Life change happens through the many events, activities, and ministries your church generates. And in event promotion, they often take either a "decentralized" or "centralized" approach. Let's look at each, and then I'll share thoughts on which is better.
The decentralized approach is typical. This is where each ministry develops its own promotion strategy for its events. After all, who would know better about the activity, its objectives, target audience, and details?
With this approach, the first step is to gather all the event details. Next, the department may lean on a committee or planning team to develop creative ways to promote their event that would grab maximum attention and connect with prospective attendees.
A plan may include producing a display for the lobby, developing a comedic video, or presenting a live sketch on stage. The program may call out the usual screen announcements, bulletin entries and inserts, emails, and features on the website and social media. Finally, the team drafts and finalizes a promotion schedule. When finished, the team submits the plan for the communications coordinator to implement.
The "centralized" approach is similar, except responsibilities shift. With this approach, the communications coordinator gathers the details submitted by the ministry and crafts the communication plan.
The communications coordinator crafts the content calendar, submitting a draft to the ministry leader for affirmation. The communications coordinator implements the plan once it is complete.
Decentralized Approach: Pros & Cons
At first glance, the decentralized approach seems to have the most flexibility and less creative restriction. In this scenario, the sky's the limit on how teach ministry promotes its activities. Additionally, ministry leaders may have more ownership of their promotions.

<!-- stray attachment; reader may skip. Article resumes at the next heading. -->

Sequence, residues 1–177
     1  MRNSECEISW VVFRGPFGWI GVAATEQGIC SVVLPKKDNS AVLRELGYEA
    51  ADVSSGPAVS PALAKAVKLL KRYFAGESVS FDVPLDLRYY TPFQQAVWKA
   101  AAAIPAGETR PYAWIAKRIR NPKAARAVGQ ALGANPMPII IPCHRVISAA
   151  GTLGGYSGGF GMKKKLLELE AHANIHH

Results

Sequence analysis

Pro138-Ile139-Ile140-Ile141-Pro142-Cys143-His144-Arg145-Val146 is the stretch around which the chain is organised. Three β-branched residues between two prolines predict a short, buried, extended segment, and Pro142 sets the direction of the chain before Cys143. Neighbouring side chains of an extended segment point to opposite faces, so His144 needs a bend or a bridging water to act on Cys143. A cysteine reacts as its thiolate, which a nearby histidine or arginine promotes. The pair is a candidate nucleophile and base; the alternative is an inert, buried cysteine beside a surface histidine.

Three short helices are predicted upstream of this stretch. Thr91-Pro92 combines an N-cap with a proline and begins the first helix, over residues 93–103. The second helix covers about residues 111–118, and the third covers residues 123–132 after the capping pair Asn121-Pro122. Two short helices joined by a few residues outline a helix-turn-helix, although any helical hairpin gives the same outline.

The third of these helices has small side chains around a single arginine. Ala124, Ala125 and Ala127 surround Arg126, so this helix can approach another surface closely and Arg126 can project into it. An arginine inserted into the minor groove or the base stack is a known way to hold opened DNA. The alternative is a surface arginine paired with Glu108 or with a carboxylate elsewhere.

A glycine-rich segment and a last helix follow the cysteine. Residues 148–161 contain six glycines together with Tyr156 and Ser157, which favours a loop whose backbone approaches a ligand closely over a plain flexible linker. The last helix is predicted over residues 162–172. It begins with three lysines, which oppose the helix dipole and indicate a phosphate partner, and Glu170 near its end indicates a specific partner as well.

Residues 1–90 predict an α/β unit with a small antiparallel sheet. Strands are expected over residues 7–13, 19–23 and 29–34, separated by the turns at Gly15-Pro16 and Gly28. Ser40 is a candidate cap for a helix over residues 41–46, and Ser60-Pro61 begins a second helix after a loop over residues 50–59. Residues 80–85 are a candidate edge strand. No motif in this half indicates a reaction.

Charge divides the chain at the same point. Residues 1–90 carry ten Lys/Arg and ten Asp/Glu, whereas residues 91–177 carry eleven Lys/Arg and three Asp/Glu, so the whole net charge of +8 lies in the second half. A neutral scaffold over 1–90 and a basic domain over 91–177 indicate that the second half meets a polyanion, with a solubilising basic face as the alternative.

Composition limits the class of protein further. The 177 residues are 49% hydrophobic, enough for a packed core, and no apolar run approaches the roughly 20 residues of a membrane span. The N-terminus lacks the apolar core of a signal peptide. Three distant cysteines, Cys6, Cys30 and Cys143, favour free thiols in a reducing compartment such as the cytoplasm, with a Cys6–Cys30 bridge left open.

However, what most churches miss with this approach is they're unintentionally creating competition. Your church members are on the receiving end of the frequency and volume of all this messaging.
Each team crafts its own coms plan without knowing how it impacts or is impacted by the coms plans of other ministries. The coms coordinator is left with the daunting task of making it all come together. This congestion often translates to information overload for your congregation, as everything to promote is included in your communications. I'm identifying a key pain point that isn't obvious to most churches but is a common challenge.
Nobody enjoys congestion. What prevents traffic gridlock? Well-engineered traffic patterns. Your communications strategy is the same. Creating healthy, well-planned traffic patterns will help you and your team get a handle on your coms workflow.
Centralized Approach: Pros & Cons
With the centralized approach, your communications framework should be predetermined. Your communication channels must be established and affirmed ahead of time. Generally, this channel list might include a printed bulletin, screen, video, or live service announcements, email newsletters, or social media and website spots.
Your promotions calendar window is also predetermined. Consider limiting your promotions to events taking place within a 6-week window. Also, the communications coordinator should be appointed and entrusted to coordinate and craft the content calendar each month while your ministry leaders submit their activity details to this person on time.
The centralized approach shifts schedule management and conflict mitigation to the coms coordinator. One person (or team in larger churches) coordinating promotional content eases unintended competition.
There are more advantages to the centralized approach than we can cover in this post. If you'd like to discover ways this might help your church, let's schedule a time to chat.
Don Wambolt has over 25 years' experience in leading church communications. More